[Editors] The first thing we notice as we drive to Laith Al-Hlou’s home southeast of Bethlehem is the challenge presented by the roads. Some roads are almost too steep to climb, and others almost too muddy or rocky to navigate. The bottom of our car crunches and scrapes as we creep along toward his village. Eventually we reach the compound where Laith lives with his family. Laith’s house, the family’s olive trees, and two other houses belonging to his extended family are surrounded by a short rock wall topped with barbed wire. When we pull up in our car, a dozen or more kids come spilling out to greet us—Laith’s children and nieces and nephews. Some wear cracked plastic shoes, some wear no shoes at all.  Laith is a skinny thirty-two-year-old with a wife and five young kids. The seven of them sleep in a twelve-foot by twelve-foot room that includes a wardrobe, a crib for the baby, and twin bunk beds piled with blankets. This is the main room of the family’s living space. They also have a small kitchen and toilet, all of which is on the second floor, above a chicken coop.

    After a tour of his house, we sit with Laith on plastic chairs outside, and he tells us about the ways his community has changed since 1996, when Israeli settlers first moved near his home. His wife stays close by, and even though she is hard of hearing, she interjects periodically with her own stories. Laith is one of up to 300,000 Palestinians living in Area C—the roughly 60 percent of the West Bank that is still under full military and administrative control of Israel following the Oslo Peace Accords of 1993.1 Area C also contains many of the West Bank’s Israeli settlements, a collection of villages established by Israeli citizens following the occupation of the region in 1967. Today, there are 400,000–500,000 Israeli settlers in the West Bank outside of Jerusalem. The guard tower of a nearby settlement looms above Laith’s property as we sit and talk. He tears up as he tells us that pressure from the settlements may force him to someday relocate his family.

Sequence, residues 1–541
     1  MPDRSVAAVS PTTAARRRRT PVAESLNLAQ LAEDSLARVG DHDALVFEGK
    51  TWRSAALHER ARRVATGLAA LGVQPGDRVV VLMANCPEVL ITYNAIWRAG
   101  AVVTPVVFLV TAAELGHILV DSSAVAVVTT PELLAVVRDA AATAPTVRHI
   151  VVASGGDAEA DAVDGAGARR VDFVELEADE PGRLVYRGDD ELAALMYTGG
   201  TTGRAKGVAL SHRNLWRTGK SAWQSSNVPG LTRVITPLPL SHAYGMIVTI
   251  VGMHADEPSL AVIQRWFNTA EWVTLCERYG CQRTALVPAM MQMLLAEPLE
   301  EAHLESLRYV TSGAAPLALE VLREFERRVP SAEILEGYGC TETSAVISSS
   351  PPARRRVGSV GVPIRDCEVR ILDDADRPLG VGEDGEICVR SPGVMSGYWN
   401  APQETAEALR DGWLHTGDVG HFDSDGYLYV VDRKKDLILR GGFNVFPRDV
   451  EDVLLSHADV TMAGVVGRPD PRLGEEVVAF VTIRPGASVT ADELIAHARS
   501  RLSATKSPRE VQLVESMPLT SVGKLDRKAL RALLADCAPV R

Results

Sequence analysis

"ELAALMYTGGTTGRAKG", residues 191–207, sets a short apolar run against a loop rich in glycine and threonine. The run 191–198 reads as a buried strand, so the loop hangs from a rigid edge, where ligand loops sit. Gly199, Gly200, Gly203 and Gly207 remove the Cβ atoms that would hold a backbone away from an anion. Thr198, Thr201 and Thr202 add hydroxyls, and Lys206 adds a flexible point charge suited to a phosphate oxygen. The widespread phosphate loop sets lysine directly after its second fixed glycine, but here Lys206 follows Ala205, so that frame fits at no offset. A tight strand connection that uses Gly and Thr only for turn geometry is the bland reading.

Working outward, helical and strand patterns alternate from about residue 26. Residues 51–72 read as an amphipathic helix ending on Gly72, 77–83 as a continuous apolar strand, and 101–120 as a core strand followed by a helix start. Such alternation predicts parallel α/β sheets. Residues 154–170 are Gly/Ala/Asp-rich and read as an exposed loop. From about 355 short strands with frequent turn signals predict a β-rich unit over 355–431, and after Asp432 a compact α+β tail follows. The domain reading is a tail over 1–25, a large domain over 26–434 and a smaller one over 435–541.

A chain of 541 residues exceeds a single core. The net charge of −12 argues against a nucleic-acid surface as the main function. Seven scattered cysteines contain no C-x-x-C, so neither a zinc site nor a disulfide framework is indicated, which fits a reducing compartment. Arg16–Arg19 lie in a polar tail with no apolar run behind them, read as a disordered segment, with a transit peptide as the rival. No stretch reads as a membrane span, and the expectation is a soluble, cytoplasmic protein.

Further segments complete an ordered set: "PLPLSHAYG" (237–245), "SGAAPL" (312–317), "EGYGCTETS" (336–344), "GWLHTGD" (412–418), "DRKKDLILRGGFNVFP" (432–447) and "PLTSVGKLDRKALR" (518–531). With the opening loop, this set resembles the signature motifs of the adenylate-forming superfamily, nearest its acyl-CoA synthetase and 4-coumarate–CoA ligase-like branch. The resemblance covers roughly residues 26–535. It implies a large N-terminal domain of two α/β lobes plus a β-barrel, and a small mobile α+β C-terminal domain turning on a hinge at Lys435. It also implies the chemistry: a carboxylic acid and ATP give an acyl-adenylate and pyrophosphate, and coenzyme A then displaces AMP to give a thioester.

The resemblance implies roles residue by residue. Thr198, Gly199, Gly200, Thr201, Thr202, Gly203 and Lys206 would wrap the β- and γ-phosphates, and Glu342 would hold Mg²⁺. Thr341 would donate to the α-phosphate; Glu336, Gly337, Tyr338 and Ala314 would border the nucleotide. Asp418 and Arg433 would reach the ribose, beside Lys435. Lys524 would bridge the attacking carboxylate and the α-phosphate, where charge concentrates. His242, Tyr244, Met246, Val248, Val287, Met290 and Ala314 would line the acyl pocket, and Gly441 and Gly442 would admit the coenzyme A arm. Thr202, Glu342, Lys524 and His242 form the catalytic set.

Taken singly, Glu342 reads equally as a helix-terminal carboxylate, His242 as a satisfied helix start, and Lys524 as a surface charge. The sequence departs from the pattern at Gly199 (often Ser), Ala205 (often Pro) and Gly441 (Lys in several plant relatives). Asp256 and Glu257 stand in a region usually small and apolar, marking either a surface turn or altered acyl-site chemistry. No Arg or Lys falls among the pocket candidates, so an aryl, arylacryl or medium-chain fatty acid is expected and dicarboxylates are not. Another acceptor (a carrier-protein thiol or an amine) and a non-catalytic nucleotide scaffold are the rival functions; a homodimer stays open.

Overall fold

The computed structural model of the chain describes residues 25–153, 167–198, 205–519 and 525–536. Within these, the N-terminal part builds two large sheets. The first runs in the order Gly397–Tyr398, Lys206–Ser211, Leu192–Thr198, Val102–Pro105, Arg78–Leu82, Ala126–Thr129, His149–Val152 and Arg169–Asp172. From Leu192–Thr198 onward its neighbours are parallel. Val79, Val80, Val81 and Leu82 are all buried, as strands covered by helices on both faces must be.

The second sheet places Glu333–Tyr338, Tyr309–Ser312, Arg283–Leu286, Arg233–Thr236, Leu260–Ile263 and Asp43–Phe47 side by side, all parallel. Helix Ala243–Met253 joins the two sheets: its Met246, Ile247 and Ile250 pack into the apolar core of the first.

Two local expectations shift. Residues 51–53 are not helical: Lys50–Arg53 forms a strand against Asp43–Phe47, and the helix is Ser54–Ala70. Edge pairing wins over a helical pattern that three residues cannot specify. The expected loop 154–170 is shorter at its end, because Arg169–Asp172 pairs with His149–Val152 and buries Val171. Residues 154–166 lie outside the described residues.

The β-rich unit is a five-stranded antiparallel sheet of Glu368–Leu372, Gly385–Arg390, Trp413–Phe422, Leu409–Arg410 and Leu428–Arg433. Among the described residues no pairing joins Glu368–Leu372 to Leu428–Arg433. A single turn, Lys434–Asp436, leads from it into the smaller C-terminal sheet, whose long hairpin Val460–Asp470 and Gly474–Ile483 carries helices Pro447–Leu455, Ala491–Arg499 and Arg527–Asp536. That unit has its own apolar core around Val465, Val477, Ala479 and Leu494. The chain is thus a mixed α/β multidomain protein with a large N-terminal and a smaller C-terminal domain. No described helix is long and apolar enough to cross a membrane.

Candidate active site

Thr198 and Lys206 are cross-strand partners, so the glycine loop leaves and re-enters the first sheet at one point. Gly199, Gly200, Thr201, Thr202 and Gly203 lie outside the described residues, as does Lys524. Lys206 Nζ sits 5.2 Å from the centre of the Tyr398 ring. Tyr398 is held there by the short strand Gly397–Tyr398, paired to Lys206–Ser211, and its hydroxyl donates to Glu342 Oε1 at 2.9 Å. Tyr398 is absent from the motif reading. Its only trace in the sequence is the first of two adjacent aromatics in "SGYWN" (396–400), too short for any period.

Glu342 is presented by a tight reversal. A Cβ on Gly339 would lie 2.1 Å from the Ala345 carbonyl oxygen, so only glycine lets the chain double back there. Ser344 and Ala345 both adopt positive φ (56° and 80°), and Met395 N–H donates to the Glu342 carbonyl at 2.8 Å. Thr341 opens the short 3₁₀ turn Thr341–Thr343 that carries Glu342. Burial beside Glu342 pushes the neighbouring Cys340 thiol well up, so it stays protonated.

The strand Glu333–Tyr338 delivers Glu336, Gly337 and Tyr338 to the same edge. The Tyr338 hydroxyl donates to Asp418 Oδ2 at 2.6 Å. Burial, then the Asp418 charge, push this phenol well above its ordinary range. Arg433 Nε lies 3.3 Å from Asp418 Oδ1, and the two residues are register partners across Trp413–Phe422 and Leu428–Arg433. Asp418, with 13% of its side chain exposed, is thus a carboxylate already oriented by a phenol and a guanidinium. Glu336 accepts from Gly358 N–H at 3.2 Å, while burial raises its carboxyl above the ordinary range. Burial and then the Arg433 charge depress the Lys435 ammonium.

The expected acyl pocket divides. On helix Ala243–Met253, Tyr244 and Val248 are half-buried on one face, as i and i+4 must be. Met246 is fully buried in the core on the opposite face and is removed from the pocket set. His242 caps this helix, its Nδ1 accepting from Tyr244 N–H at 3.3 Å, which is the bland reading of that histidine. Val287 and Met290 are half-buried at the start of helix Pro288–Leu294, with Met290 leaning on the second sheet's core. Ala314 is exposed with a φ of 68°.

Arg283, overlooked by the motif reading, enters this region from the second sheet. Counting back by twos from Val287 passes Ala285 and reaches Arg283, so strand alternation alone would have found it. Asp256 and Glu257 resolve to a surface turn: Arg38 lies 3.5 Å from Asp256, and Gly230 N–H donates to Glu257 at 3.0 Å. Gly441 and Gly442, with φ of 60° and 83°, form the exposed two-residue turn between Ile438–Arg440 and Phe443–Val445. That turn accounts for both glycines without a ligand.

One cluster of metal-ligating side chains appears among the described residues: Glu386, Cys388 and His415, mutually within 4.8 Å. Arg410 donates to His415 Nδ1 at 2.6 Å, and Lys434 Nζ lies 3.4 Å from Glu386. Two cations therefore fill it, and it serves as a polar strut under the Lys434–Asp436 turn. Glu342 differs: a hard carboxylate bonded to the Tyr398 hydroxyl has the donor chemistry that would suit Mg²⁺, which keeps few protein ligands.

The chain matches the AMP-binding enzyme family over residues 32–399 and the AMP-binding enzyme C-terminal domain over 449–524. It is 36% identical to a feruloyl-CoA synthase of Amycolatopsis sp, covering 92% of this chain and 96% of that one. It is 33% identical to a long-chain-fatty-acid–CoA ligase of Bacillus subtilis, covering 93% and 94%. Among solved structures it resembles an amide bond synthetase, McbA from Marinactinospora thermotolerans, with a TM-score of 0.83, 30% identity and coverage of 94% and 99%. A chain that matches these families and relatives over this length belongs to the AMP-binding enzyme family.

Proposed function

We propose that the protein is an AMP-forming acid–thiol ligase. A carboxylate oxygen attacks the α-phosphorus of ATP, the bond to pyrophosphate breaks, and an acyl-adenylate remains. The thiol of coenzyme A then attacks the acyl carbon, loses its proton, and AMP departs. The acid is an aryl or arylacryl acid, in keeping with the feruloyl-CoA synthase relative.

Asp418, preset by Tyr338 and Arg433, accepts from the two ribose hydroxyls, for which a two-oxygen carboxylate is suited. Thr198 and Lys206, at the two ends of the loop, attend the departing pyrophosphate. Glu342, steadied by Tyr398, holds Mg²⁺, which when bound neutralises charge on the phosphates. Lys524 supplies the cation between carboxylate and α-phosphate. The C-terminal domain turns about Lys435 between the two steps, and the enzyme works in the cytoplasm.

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  • Return: A Prologue


    Ghada Karmi and Ellen Siegel, 1973

    By Ghada Karmi in Return: A Palestinian Memoir


    As I sat at my father’s bedside, listening to his irregular breathing and the sound of the pulse monitor attached to his finger, I thought how frightening it was to be brought up sharp against the awareness of one’s own mortality. I feared death equally as much as I knew my father did. He was a very old man, but age had not dimmed his ardour for life and I imagined I would be the same. Like most people, I did not like to contemplate my dying and avoided thinking about it, but it was always there, waiting in the background to be attended to. An elderly doctor I knew once told me, ‘I believe that people must prepare for death. Avoidance and denial are foolish. If we face up fair and square to the inevitability of death it will lose its terrors.’

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  • A Country in Darkness



    Introduction to Letters to Palestine: Writers Respond to War and Occupationedited by Vijay Prashad 


    Forget Palestine 

    Palestine is easily forgotten. There is war. There is suffering. The war ends. The suffering vanishes. Silence.

    Was there even a “war”? Palestine is under occupation, and has been since 1967, since 1948. An occupied land is not at war, can never be at war. It is occupied. Occupation is a state of war. The occupied space retaliates. It seeks its freedom. It is punished. Was Operation Protective Edge a war or a punishment? Operation Grapes of Wrath, Operation Cast Lead, Operation Pillar of Cloud—names less of defense and more of vengeful retribution.

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Other books by Eyal Weizman